The Clean Development Mechanism (CDM) and Joint Implementation (JI) standards provide rules for baselines, additionality, monitoring, reporting, verification, and certification of project-based emission reductions. CDM is created for projects in developing countries, while JI is intended for projects in developed countries. Projects intended to generate compliance credits (called Certified Emission Reductions or CERs) need to comply with the CDM/JI standard, governed by the Independent Executive Board of the United Nations Framework Conference on Climate Change (UNFCCC).
The CERs can also be bought for voluntary purposes. The certificates are recorded in an international registry system, with unique serial numbers, making each CER traceable to the project through which it was generated. The market credibility of these standards is high, but transaction costs are high as well, which limits adaptation to medium or large projects.
The Verified Carbon Standard was developed for exclusive use on the voluntary market. Designed by the Climate Group and the International Emissions Trading Association (IETA), it aims to create a new trading unit called a Voluntary Carbon Unit (VCU). Best practices from the existing market place were brought together, such as the additionality and baseline principles of the CDM, and the accounting principles of the GHG protocol for Project Accounting.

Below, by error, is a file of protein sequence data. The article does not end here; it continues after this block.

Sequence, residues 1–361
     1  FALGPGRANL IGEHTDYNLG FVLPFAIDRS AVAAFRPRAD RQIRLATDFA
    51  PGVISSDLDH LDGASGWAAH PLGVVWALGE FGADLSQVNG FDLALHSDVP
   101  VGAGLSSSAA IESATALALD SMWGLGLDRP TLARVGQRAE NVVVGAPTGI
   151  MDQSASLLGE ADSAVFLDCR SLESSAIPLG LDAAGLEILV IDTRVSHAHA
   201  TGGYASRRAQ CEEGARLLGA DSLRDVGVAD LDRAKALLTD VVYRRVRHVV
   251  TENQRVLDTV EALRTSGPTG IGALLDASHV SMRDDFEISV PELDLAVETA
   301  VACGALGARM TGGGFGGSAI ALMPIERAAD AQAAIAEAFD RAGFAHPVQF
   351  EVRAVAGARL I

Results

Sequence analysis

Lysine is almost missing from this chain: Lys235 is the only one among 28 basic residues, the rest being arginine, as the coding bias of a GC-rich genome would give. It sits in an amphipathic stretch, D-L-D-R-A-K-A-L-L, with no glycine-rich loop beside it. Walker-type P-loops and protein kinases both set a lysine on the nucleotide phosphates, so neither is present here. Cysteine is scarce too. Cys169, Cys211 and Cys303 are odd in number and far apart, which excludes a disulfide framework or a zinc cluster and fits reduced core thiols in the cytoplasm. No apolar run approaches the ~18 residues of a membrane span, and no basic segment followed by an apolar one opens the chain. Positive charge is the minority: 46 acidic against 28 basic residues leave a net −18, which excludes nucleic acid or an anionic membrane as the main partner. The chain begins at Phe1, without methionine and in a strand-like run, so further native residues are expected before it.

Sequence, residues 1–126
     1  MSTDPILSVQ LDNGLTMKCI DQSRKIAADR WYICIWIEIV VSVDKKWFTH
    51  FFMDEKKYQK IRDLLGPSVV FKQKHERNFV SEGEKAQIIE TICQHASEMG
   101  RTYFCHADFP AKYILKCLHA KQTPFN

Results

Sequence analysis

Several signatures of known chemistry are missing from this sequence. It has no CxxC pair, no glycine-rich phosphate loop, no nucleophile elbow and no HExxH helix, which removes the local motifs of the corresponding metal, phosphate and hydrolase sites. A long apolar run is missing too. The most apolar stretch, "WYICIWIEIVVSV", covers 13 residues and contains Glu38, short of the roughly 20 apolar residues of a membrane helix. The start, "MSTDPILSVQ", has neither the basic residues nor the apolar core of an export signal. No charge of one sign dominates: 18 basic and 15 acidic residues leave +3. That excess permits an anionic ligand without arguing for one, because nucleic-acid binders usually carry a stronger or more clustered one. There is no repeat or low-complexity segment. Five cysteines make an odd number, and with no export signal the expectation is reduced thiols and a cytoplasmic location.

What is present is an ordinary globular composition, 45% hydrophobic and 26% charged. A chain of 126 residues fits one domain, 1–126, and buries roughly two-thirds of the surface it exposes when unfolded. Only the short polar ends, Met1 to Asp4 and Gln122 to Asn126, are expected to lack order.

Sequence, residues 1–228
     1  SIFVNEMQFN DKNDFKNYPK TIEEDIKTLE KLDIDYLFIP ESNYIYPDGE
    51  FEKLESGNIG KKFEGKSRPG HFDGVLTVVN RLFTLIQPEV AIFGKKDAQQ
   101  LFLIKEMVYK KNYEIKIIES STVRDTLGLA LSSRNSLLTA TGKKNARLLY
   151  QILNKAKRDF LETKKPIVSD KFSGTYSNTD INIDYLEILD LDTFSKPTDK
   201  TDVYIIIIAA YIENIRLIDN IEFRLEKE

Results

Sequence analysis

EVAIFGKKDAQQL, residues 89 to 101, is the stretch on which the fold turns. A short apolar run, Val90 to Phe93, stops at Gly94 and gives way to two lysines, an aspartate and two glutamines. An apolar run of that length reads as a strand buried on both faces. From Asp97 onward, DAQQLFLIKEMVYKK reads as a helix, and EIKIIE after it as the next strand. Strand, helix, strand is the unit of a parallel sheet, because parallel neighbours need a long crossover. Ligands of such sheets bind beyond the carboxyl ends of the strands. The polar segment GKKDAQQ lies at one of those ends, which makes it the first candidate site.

The CDM Gold Standard is built on the basis of the CDM standard, but includes an additional focus on sustainable development contribution and the Sustainable Development Goals (SDGs). The GS is operated by the Gold Standard Foundation, established in 2003 by a group of NGOs led by WWF. All approved projects are registered in the Gold Standard online registry, to ensure a transparent chain of ownership that does not allow double counting, carbon leakage and other credibility issues that need to be monitored to ensue credible & sustainable climate action.
The integrity of offsetting has become a big issue after reports of fraud and abuse involving the (compliance) carbon market. So it is crucial to ensure that offsetting actually provides the desired environmental benefits – also to avoid any reputational risk associated with the use of poor quality offsets. Several standards have been established to guarantee the quality of a certain offsetting credit. They can be subdivided in standards for the compliance market and standards for the voluntary market.